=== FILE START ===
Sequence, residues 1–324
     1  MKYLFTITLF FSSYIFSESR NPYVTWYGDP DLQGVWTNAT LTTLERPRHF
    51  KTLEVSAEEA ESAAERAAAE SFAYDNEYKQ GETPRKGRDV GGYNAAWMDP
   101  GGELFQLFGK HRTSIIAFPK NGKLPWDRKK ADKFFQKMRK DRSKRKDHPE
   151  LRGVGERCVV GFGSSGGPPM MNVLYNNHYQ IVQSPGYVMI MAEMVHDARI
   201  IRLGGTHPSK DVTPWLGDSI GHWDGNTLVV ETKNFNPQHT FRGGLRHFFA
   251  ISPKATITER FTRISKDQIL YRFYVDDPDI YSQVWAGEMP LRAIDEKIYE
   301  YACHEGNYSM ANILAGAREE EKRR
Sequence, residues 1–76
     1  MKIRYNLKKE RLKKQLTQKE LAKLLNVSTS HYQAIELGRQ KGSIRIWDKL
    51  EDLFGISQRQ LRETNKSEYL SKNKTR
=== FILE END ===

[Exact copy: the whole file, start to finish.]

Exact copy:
Sequence, residues 1–324
     1  MKYLFTITLF FSSYIFSESR NPYVTWYGDP DLQGVWTNAT LTTLERPRHF
    51  KTLEVSAEEA ESAAERAAAE SFAYDNEYKQ GETPRKGRDV GGYNAAWMDP
   101  GGELFQLFGK HRTSIIAFPK NGKLPWDRKK ADKFFQKMRK DRSKRKDHPE
   151  LRGVGERCVV GFGSSGGPPM MNVLYNNHYQ IVQSPGYVMI MAEMVHDARI
   201  IRLGGTHPSK DVTPWLGDSI GHWDGNTLVV ETKNFNPQHT FRGGLRHFFA
   251  ISPKATITER FTRISKDQIL YRFYVDDPDI YSQVWAGEMP LRAIDEKIYE
   301  YACHEGNYSM ANILAGAREE EKRR
Sequence, residues 1–76
     1  MKIRYNLKKE RLKKQLTQKE LAKLLNVSTS HYQAIELGRQ KGSIRIWDKL
    51  EDLFGISQRQ LRETNKSEYL SKNKTR